The Problem With Breast-Cancer Screenings

A new study finds that regular mammograms are not as effective as we thought. They could even be harmful.

WASHINGTON, DC - OCTOBER 24: The White House is bathed in pink light for National Breast Cancer Awareness Month October 24, 2013 in Washington, DC. October is observed as Breast Cancer Awareness Month every year, by public service groups, medical professionals and government agencies that combine to promote awareness of the disease. (Photo by Win McNamee/Getty Images)
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Sophie Novack
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Sophie Novack
Feb. 12, 2014, 6:25 a.m.

The gen­er­ally ac­cep­ted re­com­mend­a­tion of reg­u­lar breast-can­cer screen­ings in older wo­men just re­ceived a very heavy dose of skep­ti­cism.

A new study pub­lished in the Brit­ish Med­ic­al Journ­al on Tues­day found that reg­u­lar mam­mo­grams did not re­duce the death rate from breast can­cer. They did, however, lead to over­dia­gnos­is and treat­ment.

The Canada-based study is a large-scale, long-term, in-depth look at the im­pact of screen­ings we take for gran­ted as crit­ic­al to can­cer care. It ran­domly as­signed 89,835 wo­men, ages 40 to 59, to either a mam­mo­graphy group (an­nu­al screen­ings) or a con­trol group (no mam­mo­graphy) over a five-year peri­od. All wo­men in the mam­mo­graphy group and those 50 to 59 in the con­trol group re­ceived an­nu­al phys­ic­al breast ex­am­in­a­tions as well; those 40 to 49 in the con­trol re­ceived one phys­ic­al ex­am­in­a­tion fol­lowed by stand­ard care.

The study found that of the 44,925 wo­men in the mam­mo­graphy group, 666 in­vas­ive breast can­cers were dia­gnosed dur­ing the five-year screen­ing peri­od. Of the 44,910 in the con­trol group, 524 were dia­gnosed in this time. Of these, 180 in the mam­mo­graphy group and 171 in the con­trol group died of breast can­cer dur­ing the 25-year fol­low-up.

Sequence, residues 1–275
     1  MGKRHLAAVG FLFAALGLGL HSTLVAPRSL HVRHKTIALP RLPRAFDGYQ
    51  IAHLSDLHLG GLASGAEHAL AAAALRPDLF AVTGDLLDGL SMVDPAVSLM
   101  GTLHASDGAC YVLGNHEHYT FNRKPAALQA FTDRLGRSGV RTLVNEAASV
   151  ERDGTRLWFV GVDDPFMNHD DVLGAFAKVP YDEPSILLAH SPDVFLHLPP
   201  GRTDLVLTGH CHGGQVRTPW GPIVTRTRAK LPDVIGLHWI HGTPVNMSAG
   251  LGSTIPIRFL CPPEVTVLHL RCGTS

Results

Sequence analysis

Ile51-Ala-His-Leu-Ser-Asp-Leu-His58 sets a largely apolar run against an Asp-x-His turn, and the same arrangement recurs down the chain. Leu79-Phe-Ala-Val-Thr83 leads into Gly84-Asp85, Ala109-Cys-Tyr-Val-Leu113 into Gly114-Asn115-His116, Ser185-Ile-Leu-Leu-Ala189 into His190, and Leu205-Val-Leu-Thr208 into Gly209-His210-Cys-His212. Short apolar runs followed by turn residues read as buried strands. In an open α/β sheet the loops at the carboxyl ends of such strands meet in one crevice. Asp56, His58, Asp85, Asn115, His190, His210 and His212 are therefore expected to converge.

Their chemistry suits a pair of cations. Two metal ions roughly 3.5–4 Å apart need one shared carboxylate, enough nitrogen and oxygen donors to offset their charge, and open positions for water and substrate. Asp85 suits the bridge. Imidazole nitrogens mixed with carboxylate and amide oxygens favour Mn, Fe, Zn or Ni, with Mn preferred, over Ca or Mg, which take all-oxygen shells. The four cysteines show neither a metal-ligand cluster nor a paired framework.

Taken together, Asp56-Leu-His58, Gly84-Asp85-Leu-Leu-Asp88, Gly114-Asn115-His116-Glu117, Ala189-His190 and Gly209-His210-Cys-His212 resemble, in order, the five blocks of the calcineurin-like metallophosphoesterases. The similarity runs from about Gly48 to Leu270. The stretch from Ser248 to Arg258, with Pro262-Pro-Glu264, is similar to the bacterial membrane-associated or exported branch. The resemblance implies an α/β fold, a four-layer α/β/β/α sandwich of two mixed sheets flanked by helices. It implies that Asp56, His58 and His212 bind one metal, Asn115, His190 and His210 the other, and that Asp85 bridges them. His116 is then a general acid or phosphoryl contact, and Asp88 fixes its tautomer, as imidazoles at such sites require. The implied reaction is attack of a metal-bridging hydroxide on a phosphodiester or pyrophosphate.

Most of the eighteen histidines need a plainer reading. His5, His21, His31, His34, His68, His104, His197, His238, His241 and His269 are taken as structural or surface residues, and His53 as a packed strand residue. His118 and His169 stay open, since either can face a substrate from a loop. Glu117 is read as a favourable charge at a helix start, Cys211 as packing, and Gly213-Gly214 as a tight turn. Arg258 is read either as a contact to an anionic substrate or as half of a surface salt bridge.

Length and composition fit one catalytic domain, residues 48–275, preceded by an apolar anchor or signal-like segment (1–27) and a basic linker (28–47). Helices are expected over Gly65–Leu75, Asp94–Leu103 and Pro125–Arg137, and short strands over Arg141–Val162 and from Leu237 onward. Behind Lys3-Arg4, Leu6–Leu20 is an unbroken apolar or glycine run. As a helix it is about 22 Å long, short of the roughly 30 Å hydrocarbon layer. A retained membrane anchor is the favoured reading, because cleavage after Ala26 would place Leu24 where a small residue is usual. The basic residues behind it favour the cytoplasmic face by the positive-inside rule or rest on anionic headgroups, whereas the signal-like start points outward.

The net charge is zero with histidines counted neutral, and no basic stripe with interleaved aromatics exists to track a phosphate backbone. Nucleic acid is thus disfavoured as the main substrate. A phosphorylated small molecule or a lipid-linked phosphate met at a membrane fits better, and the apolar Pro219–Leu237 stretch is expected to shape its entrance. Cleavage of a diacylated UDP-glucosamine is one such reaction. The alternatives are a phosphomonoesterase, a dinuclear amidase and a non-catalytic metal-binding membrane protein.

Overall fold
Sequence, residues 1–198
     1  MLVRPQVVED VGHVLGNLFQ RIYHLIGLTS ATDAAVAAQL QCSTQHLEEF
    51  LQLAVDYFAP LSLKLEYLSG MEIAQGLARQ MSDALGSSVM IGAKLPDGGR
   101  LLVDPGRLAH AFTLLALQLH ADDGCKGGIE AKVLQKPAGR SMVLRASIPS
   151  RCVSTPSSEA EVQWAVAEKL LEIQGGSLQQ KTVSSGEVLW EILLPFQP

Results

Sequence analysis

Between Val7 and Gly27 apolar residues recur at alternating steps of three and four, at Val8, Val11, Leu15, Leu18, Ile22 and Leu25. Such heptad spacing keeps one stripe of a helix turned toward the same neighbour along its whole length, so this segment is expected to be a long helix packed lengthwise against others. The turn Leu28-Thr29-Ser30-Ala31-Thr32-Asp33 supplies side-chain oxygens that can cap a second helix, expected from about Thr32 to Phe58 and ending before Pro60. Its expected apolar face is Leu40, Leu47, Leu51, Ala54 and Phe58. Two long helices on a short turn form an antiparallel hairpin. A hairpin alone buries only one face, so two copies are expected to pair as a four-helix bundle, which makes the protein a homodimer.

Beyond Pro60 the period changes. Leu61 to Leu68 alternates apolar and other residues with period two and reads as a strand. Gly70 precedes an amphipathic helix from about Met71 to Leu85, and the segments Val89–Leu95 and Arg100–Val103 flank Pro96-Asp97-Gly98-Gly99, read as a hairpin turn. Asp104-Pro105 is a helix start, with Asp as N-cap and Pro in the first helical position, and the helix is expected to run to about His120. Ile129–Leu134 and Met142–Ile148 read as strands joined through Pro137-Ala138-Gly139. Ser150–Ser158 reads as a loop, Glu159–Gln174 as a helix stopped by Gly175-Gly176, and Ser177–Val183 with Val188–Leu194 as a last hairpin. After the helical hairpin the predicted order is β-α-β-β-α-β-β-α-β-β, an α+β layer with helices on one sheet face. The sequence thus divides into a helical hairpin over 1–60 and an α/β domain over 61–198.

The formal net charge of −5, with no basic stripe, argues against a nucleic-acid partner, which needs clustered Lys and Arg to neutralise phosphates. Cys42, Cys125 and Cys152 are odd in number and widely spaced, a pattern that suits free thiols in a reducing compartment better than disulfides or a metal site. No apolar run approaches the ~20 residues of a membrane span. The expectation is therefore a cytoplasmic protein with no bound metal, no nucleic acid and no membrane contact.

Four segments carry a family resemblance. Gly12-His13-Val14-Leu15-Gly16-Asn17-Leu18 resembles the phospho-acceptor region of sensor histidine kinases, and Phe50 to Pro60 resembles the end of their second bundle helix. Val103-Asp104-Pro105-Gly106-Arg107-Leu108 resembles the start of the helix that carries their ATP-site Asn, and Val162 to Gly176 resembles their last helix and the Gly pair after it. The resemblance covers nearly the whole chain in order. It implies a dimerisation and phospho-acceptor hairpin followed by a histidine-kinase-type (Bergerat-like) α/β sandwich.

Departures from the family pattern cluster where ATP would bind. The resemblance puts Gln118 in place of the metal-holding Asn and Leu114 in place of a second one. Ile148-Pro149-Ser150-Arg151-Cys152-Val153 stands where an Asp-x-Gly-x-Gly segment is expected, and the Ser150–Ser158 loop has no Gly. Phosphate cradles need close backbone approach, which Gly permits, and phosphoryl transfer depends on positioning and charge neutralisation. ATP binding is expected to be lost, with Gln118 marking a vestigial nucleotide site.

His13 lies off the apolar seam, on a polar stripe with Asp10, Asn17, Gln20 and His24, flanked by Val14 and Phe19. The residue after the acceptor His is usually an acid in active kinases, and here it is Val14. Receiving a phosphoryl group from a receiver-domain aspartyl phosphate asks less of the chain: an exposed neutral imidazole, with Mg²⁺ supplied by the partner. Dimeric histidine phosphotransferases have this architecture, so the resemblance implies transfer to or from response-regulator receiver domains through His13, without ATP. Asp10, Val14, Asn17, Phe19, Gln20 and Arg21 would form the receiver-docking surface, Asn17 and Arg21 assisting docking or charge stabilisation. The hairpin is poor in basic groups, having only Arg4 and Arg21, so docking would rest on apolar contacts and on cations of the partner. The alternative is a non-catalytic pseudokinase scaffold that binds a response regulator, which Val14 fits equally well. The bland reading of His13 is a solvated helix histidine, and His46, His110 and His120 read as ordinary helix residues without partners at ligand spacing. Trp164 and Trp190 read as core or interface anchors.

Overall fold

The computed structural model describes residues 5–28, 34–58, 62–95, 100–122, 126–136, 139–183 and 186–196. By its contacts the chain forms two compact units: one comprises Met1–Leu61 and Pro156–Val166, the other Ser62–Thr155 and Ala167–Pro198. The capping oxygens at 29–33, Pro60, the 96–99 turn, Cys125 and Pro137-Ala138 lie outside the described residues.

Over the course of the full study, 3,250 wo­men in the mam­mo­graphy group were dia­gnosed with breast can­cer and 500 died, com­pared with 3,133 dia­gnoses and 505 deaths in the con­trol group. Age did not ap­pear to have an im­pact.

The dif­fer­ence in death rate — 500 versus 505 — is not sig­ni­fic­ant between the two groups, but the dif­fer­ence in dia­gnos­is is. After 15 years of fol­low-up, the study found an ex­cess of 106 breast-can­cer dia­gnoses in the mam­mo­graphy group. Over­all, 22 per­cent of breast can­cers de­tec­ted by screen­ings were over­dia­gnosed.

Mam­mo­grams have long been pro­moted as the ne­ces­sary weapon to com­bat breast can­cer, the second lead­ing cause of can­cer death in wo­men. The Amer­ic­an Can­cer So­ci­ety cur­rently re­com­mends an­nu­al mam­mo­grams for wo­men age 40 and older. The Na­tion­al Can­cer In­sti­tute re­com­mends them every one to two years. The Susan G. Ko­men Found­a­tion, the largest, most well-known breast-can­cer or­gan­iz­a­tion in the U.S., in­cludes reg­u­lar screen­ings as a large part of its mis­sion.

However, the new study com­plic­ates this as­sump­tion. Over­dia­gnos­is can lead to un­ne­ces­sary, harm­ful, and ex­pens­ive treat­ment, and the tests them­selves in­clude small amounts of ra­di­ation that can be harm­ful in heavy doses.

While the find­ings do not ne­ces­sar­ily change these re­com­mend­a­tions, they raise ques­tions about the uni­ver­sal screen­ing pre­scrip­tion for what is clearly a pretty com­plex situ­ation.

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